‘Do they offer Flexible Working?’

November 8, 2015

‘Do they offer flexible working?’ is a question, which has become standard practice here at Harvey Nash HR when discussing new roles with our candidates.

Flexibility has become the buzzword of the decade – you see it almost everywhere, it’s been analysed to death, and frankly, we’re bored of being told that it’s both a revolution in the world of work and a disaster in the making. It’s true that traditionally, attitudes towards flexible workers have not been particularly favourable. There’s definitely a prevailing stereotype that instantly conjures up the appearance of a pyjama-wearing, toast-muncher who lolls on the sofa with one eye on Jeremy Kyle. However, with the ubiquity of wireless connectivity, is the sun setting on the traditional office?

We are now more connected than ever, entrenched in a time where technology is so deeply ingrained into our everyday lives – it’s almost unthinkable to reminisce on a time where people held what looked like house bricks to their ears, careful not to skewer any colleagues with the mighty protruding aerial. In 2015, mobile connectivity, multiple devices and a network of super-fast broadband have turned us into a sedulous culture that struggles to switch off. And as businesses around the world continue to integrate these innovative ideas into the working environment, the need for permanent desk space is wavering.

Many companies have been working at this transition over many years; there has been much study and focus on the impact of flexible work arrangements on the employee, the business itself, and on family life. Organisations across the globe are finally coming to terms with the fact that they are no longer a company made up of middle-aged men with stay-at-home wives, instead, they have a diverse population with all kinds of situations and needs. Others are discovering the changing needs of an aging workforce as more and more suggest subtle transitions to retirement. Further, as the global economy evolves both employees and customers in different time zones demand support, further prompting a need for new ways of working. And finally, there’s the millennials (yes that dirty word again) who can’t fathom a future of the archaic 9-5.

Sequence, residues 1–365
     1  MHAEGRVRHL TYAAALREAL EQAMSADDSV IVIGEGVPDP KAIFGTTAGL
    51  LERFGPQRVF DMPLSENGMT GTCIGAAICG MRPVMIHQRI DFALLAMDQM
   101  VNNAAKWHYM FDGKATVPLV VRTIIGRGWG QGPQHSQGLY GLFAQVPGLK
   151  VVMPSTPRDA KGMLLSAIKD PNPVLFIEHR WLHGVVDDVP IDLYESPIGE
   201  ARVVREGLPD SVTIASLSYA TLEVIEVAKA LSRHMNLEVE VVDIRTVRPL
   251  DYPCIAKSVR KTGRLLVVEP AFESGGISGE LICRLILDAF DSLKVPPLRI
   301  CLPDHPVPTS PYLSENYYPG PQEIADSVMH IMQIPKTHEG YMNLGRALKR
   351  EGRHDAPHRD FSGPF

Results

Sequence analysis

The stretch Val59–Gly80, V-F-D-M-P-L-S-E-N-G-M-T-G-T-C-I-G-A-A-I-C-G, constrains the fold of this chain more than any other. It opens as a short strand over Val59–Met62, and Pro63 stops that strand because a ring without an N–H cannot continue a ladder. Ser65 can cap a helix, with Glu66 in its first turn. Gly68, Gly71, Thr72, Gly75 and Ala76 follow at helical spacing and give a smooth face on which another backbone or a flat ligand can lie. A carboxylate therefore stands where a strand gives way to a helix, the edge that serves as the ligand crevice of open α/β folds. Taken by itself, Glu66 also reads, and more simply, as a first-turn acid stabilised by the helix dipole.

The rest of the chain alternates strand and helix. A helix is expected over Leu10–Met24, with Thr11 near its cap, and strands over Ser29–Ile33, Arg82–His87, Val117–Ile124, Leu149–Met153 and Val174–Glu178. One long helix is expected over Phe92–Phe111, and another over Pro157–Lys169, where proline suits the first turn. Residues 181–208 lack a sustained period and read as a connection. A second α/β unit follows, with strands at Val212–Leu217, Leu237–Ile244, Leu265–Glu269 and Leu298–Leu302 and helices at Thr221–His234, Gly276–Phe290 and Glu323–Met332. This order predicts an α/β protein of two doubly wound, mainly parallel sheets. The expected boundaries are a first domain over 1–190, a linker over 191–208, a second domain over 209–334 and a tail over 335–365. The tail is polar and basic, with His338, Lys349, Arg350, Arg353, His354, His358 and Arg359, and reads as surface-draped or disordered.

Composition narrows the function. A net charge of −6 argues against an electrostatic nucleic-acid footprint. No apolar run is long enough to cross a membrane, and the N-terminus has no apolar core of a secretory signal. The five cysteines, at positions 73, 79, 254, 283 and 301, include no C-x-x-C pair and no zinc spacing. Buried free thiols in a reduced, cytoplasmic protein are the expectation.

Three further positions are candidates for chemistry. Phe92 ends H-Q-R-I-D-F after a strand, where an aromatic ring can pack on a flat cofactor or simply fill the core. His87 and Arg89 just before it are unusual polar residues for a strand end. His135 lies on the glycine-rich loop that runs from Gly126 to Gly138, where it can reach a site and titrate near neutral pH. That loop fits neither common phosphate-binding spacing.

There are some ‘forward-thinking’ organisations that are willing to embrace the pyjama lifestyle. Creators of the ‘Results-Only Work Environment’ (ROWE) are claiming increased productivity, reduced absence and higher levels of engagement. By making employees aware of the company’s goals and expectations, and then letting their workers achieve those goals with the hours and locations they choose, ROWE companies claim to give their staff the freedom and balance they are looking for, without sacrificing performance or results.

So profits won’t fall, the company won’t collapse and the world won’t end? It seems not. In fact, currently across the UK, there are about 8 million part-time workers and 4 million people who work full-time roles flexibly. Flexibility is becoming an increasingly high priority for all job seekers – not just those with parenting or caring responsibilities.

Whether we like it or not, the way we work has changed; 9-5 is disintegrating into an intangible time frame – and the commute to the office looks more like a walk down stairs into the dining room (or to the nearest provider of a skinny caramel latte). We are embarking on a life where checking our emails before breakfast is balanced with getting home in time to help with homework, and where a dull Sunday collating monthly figures is compensated by a dash to the beer garden on a sunny August afternoon. Flexible working is about talent; attracting it, engaging it, and keeping it.

Pippa Hawker
Associate Consultant
Harvey Nash HR